Being an entrepreneur certainly has its perks. For one, it occasionally allows you the opportunity to creatively align your interests together into one business. For Neil Demers, the CEO of the Colorado-based dispensary Diego Pellicer, this meant that his shared passion for cannabis and the arts could combine to bring two communities together at the company’s Denver location.
By taking an artistic approach to the design and business model of the dispensary, Demers was able to move away from stereotypical visions of what a cannabis retailer might look like and include in its product offering.
“We found that customers are asking for a more comfortable and familiar shopping experience,” Demers says. He wanted to stand out by making Diego Pellicer an inviting and engaging place, and offer other ancillary purchase opportunities that spanned beyond clothing and accessories.
Commissioning an Artist, and Much More
Diego Pellicer is in a middle- to lower-class area of Denver, and buildings frequently fall victim to graffiti. Before its opening in February 2017, Diego Pellicer’s building boasted a massive wall on one of its sides, which made it vulnerable for tagging. Demers came up with a proactive idea to utilize the space creatively, but he needed a little help.
He approached Forrest Morrison—a self-taught, interdisciplinary artist specializing in public and studio arts, and owner of Satellite Exhibition Services—to commission a mural in May 2017. “It was initially a solutions-driven program. But then the conversation evolved [in]to how we could engage the cannabis community with the art world—and the community at large—to create a stewardship that would embrace the company’s vision, and not deface it,” Morrison says.
That consultative process was crucial to the product. Morrison completed four sketches of the mural before painting began. The final piece, which was inspired by Spanish architecture, mysticism and art nouveau artists like John Williams Waterhouse—depicts a woman cloaked in white, confidently poised in front of a stained-glass window as a bull approaches her. “Hiring an artist is a lot like hiring any other contractor,” Morrison says. “Before you start asking for proposals, you need to know what you would like the artwork to accomplish. These types of conversation will really inform [you about] what type of artist you are looking for.”
Demers noted to Morrison that he wanted the mural to complement the dispensary’s branding without being a direct extension of it. As a result, Morrison created the mural to act as a counterpoint to Diego Pellicer’s fairly masculine branding.
The Big Reveal
Demers hoped to have a modest mural unveiling that would draw a variety of community members to the space. But Morrison took the reveal to the next level, leaning on his deep involvement with the local art industry, and turned the unveiling into a full-fledged art exhibition. He expanded the scope of the event to include commissioned art, 10 craft vendors, a food truck, a smoking truck and a DJ. And Demers secured famous glass maker Dale Chihuly’s piece, Nordic Blue Macchia, to showcase the beauty and the creativity of glass blowing.
A variety of tactics were used to market and promote the event, including traditional print advertisements, email blasts, digital ads, social media and member promotions through Denver’s Art District on Santa Fe (ADSF). Participating artists, including Nick Russo, Michael J. Dowling and Peter Yumi, also took part by marketing through their own channels, resulting in a significantly expanded network that Demers didn’t originally have access to before the Art and Glass event.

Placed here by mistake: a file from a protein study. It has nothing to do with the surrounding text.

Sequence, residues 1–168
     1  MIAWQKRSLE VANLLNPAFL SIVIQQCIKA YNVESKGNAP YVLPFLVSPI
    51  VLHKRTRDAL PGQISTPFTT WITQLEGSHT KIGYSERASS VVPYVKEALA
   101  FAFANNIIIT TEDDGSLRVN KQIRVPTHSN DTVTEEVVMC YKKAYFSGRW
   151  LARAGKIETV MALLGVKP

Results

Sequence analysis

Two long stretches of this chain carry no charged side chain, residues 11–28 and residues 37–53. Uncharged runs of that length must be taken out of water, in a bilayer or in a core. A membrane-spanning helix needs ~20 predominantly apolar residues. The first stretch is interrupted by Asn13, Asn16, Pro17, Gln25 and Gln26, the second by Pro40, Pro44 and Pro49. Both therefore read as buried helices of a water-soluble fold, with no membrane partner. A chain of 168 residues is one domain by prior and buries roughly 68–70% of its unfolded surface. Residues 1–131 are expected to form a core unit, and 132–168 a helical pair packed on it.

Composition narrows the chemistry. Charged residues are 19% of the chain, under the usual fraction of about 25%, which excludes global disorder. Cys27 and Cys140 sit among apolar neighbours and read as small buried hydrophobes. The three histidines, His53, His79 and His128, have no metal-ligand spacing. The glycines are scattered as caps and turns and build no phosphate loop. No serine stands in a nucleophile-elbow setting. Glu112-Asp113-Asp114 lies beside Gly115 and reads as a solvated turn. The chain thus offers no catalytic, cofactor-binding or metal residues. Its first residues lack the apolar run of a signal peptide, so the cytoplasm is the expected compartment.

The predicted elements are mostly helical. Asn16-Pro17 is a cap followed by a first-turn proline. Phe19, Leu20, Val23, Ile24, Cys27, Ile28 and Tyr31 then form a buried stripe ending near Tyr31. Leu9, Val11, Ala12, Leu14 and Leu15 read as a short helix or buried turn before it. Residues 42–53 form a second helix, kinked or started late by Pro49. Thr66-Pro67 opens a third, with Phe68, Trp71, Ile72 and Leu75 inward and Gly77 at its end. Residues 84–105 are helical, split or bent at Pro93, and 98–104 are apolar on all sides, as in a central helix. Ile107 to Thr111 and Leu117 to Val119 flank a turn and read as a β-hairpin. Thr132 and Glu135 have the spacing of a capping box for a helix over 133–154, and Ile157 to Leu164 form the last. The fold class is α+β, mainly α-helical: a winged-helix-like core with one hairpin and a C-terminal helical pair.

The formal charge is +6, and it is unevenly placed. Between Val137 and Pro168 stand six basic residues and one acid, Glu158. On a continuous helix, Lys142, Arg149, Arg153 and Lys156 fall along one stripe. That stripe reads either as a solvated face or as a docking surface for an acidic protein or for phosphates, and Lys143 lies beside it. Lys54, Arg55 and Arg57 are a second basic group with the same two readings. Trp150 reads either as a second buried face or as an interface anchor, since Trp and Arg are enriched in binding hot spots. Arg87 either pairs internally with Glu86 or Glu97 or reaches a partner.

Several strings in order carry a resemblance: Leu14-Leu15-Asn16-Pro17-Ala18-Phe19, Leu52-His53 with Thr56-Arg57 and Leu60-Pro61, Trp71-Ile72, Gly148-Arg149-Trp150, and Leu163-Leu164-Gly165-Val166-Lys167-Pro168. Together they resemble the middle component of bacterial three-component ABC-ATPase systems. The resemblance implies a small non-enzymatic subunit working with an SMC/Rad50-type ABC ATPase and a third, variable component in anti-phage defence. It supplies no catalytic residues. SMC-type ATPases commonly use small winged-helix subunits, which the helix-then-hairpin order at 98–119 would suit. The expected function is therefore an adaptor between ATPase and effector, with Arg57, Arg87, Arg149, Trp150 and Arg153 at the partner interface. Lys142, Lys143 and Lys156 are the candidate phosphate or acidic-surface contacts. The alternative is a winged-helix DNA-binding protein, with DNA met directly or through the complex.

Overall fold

The event took place on Labor Day (Sept. 1) 2017, and more than 500 people attended. To ensure that the evening ran seamlessly, Demers had roughly 35 employees (a typical evening usually includes seven) on hand in a variety of roles. Some employees focused on video, photography and social media, while others managed the parking lot, assisted vendors, gave tours and helped with security and sales.
Overall, Demers found that the benefits were worth the extra time, energy and dollars put into the unveiling. “We found a lot of positive results from making this investment,” he says.
For example, Demers established consignment arrangements with some of the top glass makers in Colorado, and it’s also improved his bottom line. “Since the event, our sales have gone up, and we’ve demonstrated the art and cannabis community work very well together.”
For dispensaries considering launching an art event, Demers says that the best way to begin is through building connections with the local art community, investing in quality artwork and allocating enough time for both the planning and execution.
“Hiring an artist is a lot like hiring any other contractor. Before you start asking for proposals, you need to know what you would like the art work to accomplish. These types of conversation will really inform [you about] what type of artist you are looking for.” Forrest Morrison, artist and owner, Satellite Exhibition Services
On Valentine’s Day 2018, Diego Pellicer–Colorado will be celebrating its one-year anniversary. The dispensary will hand out roses to the first 200 women who enter the store, and will highlight in-store promotions on chocolates, massage oils and topicals. In addition, Demers is hoping to have the local artists whose works are displayed in the dispensary on-site for a meet-and-greet, in another attempt to connect his dispensary and clientele with the local community.